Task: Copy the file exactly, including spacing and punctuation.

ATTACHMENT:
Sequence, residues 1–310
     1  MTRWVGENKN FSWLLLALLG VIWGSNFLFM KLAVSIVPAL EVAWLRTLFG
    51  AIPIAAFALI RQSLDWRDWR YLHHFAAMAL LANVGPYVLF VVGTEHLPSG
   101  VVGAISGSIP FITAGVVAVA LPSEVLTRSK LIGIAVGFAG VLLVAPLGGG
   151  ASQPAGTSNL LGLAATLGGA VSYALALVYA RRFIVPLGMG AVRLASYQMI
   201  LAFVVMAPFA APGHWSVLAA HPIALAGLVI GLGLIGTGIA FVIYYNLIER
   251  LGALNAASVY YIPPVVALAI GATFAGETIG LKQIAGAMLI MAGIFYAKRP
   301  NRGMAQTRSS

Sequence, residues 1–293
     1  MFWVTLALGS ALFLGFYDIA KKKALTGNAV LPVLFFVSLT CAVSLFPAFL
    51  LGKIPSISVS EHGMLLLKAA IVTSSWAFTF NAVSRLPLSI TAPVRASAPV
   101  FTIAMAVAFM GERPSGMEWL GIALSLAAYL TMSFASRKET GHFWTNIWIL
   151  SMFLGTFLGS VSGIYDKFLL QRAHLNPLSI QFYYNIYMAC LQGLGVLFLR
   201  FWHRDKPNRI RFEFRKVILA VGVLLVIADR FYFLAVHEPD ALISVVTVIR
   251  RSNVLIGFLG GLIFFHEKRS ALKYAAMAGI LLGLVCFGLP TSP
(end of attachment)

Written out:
Sequence, residues 1–310
     1  MTRWVGENKN FSWLLLALLG VIWGSNFLFM KLAVSIVPAL EVAWLRTLFG
    51  AIPIAAFALI RQSLDWRDWR YLHHFAAMAL LANVGPYVLF VVGTEHLPSG
   101  VVGAISGSIP FITAGVVAVA LPSEVLTRSK LIGIAVGFAG VLLVAPLGGG
   151  ASQPAGTSNL LGLAATLGGA VSYALALVYA RRFIVPLGMG AVRLASYQMI
   201  LAFVVMAPFA APGHWSVLAA HPIALAGLVI GLGLIGTGIA FVIYYNLIER
   251  LGALNAASVY YIPPVVALAI GATFAGETIG LKQIAGAMLI MAGIFYAKRP
   301  NRGMAQTRSS

Sequence, residues 1–293
     1  MFWVTLALGS ALFLGFYDIA KKKALTGNAV LPVLFFVSLT CAVSLFPAFL
    51  LGKIPSISVS EHGMLLLKAA IVTSSWAFTF NAVSRLPLSI TAPVRASAPV
   101  FTIAMAVAFM GERPSGMEWL GIALSLAAYL TMSFASRKET GHFWTNIWIL
   151  SMFLGTFLGS VSGIYDKFLL QRAHLNPLSI QFYYNIYMAC LQGLGVLFLR
   201  FWHRDKPNRI RFEFRKVILA VGVLLVIADR FYFLAVHEPD ALISVVTVIR
   251  RSNVLIGFLG GLIFFHEKRS ALKYAAMAGI LLGLVCFGLP TSP